Measuring employee satisfaction

If you’re meeting employees where they are, providing them with easy to use and easily accessible methods for getting the support they need—chances are good that customer satisfaction (CSAT) will rise. In a recent ITSM survey, 63% of IT pros said automation will be among the most critical features to enhance the employee experience in 2020. The service desk is a powerful tool for automation. Having a service tool that can identify an employee’s needs with just a few words inserted into the search bar makes a world of difference when resolving a problem. With frequent use, artificial intelligence in the portal is able to pick up on common requests or issues that employees experience. If another employee experiences the same issue in the future, by performing the same process of typing in keywords, the answer to their need appears in the results and can be handled at a much quicker rate. Integrating automation should, as a result, boost CSAT. A great way to measure CSAT is through customer satisfaction reports. Asking employees to respond to a quick survey (as simple as a thumbs up or thumbs down), then creating reports gives an inside look at employee satisfaction over time. Knowing which service agents, requesters, and departments are linked to positive or negative feedback will help managers provide additional resources or training as needed. The primary goal of the service desk is to provide value to employees in the organization, yet only 45% of respondents in a recent webinar poll currently send CSAT surveys. That means 55% can add this one to their list of 2020 resolutions.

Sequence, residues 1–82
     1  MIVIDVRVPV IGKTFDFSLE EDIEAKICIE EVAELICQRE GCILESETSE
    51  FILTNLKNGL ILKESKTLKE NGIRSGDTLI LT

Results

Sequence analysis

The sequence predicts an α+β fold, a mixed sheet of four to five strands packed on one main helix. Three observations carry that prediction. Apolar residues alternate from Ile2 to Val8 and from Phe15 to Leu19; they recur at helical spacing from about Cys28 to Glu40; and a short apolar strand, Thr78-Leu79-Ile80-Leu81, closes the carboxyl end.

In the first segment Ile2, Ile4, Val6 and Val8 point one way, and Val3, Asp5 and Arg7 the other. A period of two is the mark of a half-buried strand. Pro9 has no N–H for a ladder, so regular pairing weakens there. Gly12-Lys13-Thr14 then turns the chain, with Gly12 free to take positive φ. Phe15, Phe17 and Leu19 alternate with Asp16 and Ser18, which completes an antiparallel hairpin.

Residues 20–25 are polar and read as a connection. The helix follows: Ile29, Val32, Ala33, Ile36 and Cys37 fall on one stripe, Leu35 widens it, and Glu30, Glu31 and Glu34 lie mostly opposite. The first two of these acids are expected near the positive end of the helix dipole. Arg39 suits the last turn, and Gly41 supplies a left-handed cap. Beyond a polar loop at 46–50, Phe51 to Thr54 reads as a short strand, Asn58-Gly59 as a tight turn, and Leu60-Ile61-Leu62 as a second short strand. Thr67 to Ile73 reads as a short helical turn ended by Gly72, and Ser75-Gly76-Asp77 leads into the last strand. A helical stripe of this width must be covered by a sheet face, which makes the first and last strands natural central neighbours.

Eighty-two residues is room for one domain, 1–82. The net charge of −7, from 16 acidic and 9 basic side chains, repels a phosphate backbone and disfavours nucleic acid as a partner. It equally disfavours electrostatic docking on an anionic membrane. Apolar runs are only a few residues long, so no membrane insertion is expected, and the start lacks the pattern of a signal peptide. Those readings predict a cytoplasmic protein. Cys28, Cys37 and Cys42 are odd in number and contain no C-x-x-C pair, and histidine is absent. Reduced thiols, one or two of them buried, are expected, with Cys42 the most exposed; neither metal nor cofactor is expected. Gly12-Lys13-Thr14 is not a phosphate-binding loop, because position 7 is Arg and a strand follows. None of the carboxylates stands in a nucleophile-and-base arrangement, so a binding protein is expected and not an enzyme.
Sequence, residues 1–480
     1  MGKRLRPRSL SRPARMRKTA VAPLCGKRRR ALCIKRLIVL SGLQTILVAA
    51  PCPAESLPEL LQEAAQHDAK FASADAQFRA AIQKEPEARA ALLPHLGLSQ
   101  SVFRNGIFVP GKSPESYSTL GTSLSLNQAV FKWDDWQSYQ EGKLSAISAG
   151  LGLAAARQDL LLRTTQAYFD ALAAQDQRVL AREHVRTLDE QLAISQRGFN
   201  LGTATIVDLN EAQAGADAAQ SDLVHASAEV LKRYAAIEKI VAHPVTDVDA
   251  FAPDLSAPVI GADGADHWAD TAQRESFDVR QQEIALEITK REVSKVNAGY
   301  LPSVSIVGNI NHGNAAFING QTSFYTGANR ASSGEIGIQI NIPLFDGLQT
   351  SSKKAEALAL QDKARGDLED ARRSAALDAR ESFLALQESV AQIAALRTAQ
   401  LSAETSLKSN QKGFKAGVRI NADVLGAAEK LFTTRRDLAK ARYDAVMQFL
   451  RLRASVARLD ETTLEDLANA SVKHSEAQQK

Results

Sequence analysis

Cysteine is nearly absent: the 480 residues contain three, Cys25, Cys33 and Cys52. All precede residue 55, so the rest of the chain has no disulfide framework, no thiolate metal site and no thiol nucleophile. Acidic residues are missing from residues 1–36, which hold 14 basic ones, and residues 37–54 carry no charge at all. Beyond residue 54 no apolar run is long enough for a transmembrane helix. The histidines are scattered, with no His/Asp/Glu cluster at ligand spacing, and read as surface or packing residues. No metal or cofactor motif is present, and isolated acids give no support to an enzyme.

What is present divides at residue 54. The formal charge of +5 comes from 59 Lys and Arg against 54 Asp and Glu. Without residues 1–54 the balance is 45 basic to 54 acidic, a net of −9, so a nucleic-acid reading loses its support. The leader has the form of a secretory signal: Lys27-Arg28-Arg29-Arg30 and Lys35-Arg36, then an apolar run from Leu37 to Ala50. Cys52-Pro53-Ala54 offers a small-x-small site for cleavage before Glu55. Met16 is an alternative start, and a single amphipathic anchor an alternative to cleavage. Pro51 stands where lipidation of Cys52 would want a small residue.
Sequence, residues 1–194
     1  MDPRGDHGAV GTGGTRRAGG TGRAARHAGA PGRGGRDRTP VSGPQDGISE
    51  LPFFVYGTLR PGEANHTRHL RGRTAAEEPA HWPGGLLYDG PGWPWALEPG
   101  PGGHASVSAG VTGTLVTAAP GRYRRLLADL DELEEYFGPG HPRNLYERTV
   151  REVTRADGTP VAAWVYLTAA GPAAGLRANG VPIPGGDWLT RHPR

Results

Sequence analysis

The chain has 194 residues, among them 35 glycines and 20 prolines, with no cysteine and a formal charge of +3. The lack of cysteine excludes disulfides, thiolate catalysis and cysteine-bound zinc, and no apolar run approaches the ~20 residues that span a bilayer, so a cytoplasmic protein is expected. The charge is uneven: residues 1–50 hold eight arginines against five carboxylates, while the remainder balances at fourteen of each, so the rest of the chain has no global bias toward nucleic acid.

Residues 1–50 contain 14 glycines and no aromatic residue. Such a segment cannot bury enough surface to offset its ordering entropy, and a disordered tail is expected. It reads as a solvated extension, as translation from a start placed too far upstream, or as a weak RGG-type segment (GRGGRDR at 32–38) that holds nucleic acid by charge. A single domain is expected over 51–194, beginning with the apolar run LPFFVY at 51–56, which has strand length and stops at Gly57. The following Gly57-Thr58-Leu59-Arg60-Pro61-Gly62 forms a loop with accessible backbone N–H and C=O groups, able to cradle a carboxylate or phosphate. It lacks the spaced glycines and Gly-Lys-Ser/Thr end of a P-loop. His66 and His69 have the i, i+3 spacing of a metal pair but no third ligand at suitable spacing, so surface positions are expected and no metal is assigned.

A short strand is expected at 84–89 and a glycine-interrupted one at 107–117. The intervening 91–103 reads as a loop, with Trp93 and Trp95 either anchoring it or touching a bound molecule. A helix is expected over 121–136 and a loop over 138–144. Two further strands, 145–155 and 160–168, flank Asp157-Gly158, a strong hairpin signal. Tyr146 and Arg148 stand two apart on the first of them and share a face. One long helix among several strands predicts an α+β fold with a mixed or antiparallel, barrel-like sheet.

Integrating IT operations with the service desk

IT operations management (ITOM) is “responsible for managing the capacity, performance and availability of mechanisms in an organization’s IT infrastructure.” Its two main responsibilities are monitoring and delivering services. The monitoring function tracks network and systems performance, and security threats. This acts as an alarm system, using sensors to pick up on unwarranted issues. Service delivery ensures servers are working properly, and devices and applications are updated. IT should know exactly what applications and infrastructure are there, how they are performing, and have the ability to alert relevant teams to important issues when they arise. Integrating ITOM into your service desk can play a vital role in keeping business systems up and running smoothly and in enhancing IT’s ability to be proactive.
Avatar photo
Sarah Nielsen
Sarah Nielsen is a Manager, On-Boarding, ITSM, helping customers set up their service desk according to their organization's goals. She is also the resident Star…
Read more